All 5 entries tagged Politics

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August 22, 2006

UK Terror Plot: Be very sceptical?

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Former UK Ambassador to the Central Asian Republic of Uzbekistan, Craig Murray, has written a remarkable analysis of the 'UK Terror Plot', its policing and its coverage in the media, which has created quite a stir.

In his first blog post on the issue – The UK Terror plot: what's really going on? – Murray picked apart the various details we then knew of the supposed plot and, in an incredible passage, wrote the following about Bush And Blair:

Both in desperate domestic political trouble, they longed for "Another 9/11". The intelligence from Pakistan, however dodgy, gave them a new 9/11 they could sell to the media. The media has bought, wholesale, all the rubbish they have been shovelled.

Murray concluded his piece thus:

In all of this, the one thing of which I am certain is that the timing is deeply political. This is more propaganda than plot. Of the over one thousand British Muslims arrested under anti–terrorist legislation, only twelve per cent are ever charged with anything. That is simply harrassment of Muslims on an appalling scale. Of those charged, 80% are acquitted. Most of the very few – just over two per cent of arrests – who are convicted, are not convicted of anything to do terrorism, but of some minor offence the Police happened upon while trawling through the wreck of the lives they had shattered. Be sceptical. Be very, very sceptical.

His post has since received considerable coverage across the web and in the mainstream press which he has commented on further in a post entitled Hitting a Nerve

His claims about the political nature of the policing have prompted an exchange between Murray and Chief Constable Ken Jones, President of The Association of Chief Police Officers in the letters pages of The Guardian which Murray reproduces on his blog in the following post:

Police, politics and public safety: Letters in the Guardian

Murray continues to address this issue on his blog at

May 05, 2006

Blair must go now

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Charlie Whelan, a former Brownite bruiser, pulls no punches today following the local election results:

The prime minister won't quit of course; it couldn't possibly be his fault that no one wants to vote Labour anymore could it? Realistically the only people who can rid us of Tony Blair are the Labour MPs, though we cannot expect too much from a bunch of people who voted in favour of the war. I don't know what MPs do in their spare time but they clearly don't listen to their constituents much. If they did, they would surely have moved before the last election to dump their leader. The big question today is: will this so far spineless bunch of people finally have the guts to do the dirty deed.

May 03, 2006

The Apprentice and Blair's Britain

Writing about web page,,1766121,00.html

Provocative, persuasive piece of analysis of The Apprentice as a cipher for Blair's Britain from Jonathan Freedland, one of The Guardian's most persistently reliable and interesting columnists. In the space of a column the analysis has a lot to say not only about television but about our socal and political cultures, about ethnic diversity, meritocracy and the potential irrelevance of a university business education. Freedland's big conclusion, however, is that The Apprentice teaches us that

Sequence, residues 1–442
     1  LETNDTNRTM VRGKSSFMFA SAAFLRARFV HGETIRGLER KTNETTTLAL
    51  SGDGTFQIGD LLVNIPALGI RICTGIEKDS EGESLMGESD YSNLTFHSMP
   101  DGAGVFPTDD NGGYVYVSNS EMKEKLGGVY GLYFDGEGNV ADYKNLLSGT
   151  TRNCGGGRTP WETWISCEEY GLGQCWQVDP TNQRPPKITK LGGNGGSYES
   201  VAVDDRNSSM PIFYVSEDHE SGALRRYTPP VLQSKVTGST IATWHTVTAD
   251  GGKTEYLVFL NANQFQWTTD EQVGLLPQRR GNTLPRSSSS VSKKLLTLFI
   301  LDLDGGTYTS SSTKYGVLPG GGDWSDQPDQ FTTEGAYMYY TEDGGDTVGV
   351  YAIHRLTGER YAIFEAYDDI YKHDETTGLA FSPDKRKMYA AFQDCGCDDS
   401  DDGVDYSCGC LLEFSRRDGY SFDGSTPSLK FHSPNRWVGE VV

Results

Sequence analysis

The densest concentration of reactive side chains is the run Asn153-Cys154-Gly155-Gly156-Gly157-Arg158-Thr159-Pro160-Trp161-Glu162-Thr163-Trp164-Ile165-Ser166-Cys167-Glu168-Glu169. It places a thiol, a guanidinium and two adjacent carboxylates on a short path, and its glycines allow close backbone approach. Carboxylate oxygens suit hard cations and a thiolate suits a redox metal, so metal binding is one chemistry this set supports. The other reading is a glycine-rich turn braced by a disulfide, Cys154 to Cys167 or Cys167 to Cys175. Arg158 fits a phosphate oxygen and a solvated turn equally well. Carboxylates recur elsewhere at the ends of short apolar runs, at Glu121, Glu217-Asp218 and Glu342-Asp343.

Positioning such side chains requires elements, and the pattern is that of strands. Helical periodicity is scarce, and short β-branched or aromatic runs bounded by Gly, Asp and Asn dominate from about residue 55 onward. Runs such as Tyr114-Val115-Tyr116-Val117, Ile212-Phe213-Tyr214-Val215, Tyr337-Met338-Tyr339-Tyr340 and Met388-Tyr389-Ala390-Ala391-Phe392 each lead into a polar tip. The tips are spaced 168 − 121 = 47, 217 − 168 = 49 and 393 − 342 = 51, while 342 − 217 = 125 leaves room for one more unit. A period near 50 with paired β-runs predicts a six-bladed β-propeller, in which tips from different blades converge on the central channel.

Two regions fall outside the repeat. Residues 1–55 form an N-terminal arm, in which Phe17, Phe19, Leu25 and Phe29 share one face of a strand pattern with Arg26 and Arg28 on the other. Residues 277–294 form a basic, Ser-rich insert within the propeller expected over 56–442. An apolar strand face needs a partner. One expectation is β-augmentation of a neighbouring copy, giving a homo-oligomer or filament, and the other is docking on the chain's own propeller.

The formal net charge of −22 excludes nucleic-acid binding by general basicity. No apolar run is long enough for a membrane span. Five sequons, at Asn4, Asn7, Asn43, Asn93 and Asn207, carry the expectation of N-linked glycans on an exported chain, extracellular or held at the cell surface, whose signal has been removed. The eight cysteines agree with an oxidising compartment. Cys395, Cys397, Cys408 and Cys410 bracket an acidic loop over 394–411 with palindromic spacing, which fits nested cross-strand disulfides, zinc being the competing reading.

deference is far from dead, it's just that now there is a new class to be deferred to – the aristocracy of wealth. And in this new nobility, Alan Sugar's blood is purest blue.

May 02, 2006

Con Yer Bike Cameron

Writing about web page

David Cameron's 'green credentials' take a panning from the Daily Mirror with the inspired headline above.

DAVID Cameron flaunts his green credentials by cycling to work – but there's a flunky following behind in a gas–guzzling motor carrying his shoes and briefcase.

Smart blogging London–based bike shop and courier company Velorution write to Cameron offering to deliver his briefcase and shirt carbon-free.

Or maybe he should just get some panniers or a rucksack? Or maybe the flunky should get a bike and some bags, so that young David can continue to look good for the cameras? Or a tandem, so that the flunky can carry the bags carbon–free?

January 19, 2006

Our shabby media culture

Writing about web page,,1687932,00.html

I'm kicking this blog off by pointing to an excellent piece of writing by Polly Toynbee about the ways in which as a culture, and in our media, we treat politicians. In a very powerful paragraph, Toynbee writes:

A free press may be essential to democracy, but how grotesquely it exploits that necessity. Self-righteously we pontificate on politicians, free to damn ministers at whim, shameless about our own far worse venality and hypocrisy. Politicians try to get things done while we shoot them down from comfortable quarters. They come and go – but we stay on and on, never at risk of de-election from jobs no one elected us to. Instead we award one another prizes. We confront no dilemmas where there is no right answer; we always know the answer to everything.

Donald Dewar, Scotland's first First Minister, wrote passionately about how our media create a grotesque picture of our politicians and politics which is not good for voter engagement and turnout and so on. The treatment of Ruth Kelly at the hands of baying journos this week is only the most recent in a long line of similar, shallow but dangerous ventures masquerading as investigative journalism.

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